The minister said the German government will try to clarify how the alleged spying occurred, Reuters reported.
The accusations arose after the German newsmagazine Der Spiegel gave the government evidence that the U.S. National Security Agency had monitored Merkel's mobile phone for more than 10 years.
"If we find culprits and if we can identify them, they must live with the legal consequences, and if they are diplomats, they must leave the country," Friedrich said Monday.
"I am of course disappointed that an intelligence service, which elsewhere co-operates closely with us in the fight against terror, thinks they have the right to monitor the chancellor. That is something we can not accept."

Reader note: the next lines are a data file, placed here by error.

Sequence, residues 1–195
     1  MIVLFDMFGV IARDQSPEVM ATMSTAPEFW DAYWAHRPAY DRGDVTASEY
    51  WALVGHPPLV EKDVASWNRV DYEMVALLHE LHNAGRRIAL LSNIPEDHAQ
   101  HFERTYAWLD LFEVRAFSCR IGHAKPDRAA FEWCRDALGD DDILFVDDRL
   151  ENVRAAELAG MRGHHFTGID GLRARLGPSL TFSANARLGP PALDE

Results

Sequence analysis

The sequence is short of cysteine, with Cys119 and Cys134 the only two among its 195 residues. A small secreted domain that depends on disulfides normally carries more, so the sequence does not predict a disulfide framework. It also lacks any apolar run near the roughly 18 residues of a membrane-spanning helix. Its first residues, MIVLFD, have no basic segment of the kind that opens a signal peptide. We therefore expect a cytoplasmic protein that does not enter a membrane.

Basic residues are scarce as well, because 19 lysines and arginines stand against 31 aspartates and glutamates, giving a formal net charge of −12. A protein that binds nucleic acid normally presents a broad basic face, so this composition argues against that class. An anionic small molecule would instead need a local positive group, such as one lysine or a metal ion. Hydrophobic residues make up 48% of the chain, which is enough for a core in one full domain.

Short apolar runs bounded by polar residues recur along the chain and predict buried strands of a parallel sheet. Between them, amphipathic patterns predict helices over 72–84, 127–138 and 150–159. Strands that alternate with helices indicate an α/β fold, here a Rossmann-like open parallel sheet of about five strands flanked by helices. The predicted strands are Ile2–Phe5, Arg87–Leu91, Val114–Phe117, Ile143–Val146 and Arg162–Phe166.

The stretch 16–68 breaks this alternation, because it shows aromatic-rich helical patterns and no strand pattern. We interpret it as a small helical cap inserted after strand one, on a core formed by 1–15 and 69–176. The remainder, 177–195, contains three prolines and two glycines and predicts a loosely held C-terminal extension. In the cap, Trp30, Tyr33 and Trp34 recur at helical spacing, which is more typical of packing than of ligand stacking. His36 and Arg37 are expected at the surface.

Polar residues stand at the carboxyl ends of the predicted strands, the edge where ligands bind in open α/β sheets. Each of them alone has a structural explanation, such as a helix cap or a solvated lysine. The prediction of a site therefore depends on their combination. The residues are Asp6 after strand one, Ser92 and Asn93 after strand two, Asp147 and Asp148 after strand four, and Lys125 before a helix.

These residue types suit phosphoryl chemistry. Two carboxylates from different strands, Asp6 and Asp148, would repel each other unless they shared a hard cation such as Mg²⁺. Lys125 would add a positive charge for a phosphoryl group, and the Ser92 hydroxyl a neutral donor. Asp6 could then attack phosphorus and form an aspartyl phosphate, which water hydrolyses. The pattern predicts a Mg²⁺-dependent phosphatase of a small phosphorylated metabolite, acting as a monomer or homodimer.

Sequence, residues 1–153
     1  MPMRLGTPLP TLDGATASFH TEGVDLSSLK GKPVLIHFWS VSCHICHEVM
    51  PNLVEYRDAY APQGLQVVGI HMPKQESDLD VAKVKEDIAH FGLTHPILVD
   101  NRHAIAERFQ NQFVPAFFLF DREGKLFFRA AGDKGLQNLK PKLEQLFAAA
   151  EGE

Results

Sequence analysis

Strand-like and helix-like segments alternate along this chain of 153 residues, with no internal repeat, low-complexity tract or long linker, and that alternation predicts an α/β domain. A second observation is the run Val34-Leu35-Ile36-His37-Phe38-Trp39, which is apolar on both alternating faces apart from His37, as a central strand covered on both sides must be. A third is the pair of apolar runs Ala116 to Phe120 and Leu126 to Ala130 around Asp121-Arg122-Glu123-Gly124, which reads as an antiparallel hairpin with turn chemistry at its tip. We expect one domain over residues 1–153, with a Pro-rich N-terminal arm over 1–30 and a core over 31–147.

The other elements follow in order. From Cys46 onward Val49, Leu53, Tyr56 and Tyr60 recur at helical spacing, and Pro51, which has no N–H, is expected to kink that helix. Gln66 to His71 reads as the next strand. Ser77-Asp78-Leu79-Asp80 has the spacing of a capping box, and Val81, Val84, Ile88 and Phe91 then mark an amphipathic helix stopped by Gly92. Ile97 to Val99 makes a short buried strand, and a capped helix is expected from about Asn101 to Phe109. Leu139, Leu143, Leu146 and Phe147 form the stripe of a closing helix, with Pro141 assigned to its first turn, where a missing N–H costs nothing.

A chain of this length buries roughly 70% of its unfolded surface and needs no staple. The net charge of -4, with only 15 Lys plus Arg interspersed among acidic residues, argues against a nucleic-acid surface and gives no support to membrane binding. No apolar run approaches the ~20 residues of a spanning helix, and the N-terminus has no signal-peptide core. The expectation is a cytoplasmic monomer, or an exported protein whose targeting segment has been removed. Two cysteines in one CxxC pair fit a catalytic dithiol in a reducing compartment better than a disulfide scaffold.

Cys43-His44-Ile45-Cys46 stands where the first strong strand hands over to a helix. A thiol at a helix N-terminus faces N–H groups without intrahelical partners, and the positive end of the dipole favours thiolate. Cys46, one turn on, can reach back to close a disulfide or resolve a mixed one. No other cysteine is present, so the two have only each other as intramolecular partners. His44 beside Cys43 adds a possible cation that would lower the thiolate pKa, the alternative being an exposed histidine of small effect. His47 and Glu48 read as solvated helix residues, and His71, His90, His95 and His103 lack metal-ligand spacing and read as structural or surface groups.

U.S. Secretary of State John Kerry flew to Rome and Paris on Saturday and faced outrage over the sweep and scope of U.S. snooping abroad.
Still, parties on all sides acknowledge that spy-versus-spy eavesdropping is widespread even among allies.
"The magnitude of the eavesdropping is what shocked us," former French Foreign Minister Bernard Kouchner said in a radio interview.
"Let's be honest, we eavesdrop too. Everyone is listening to everyone else. But we don't have the same means as the United States, which makes us jealous."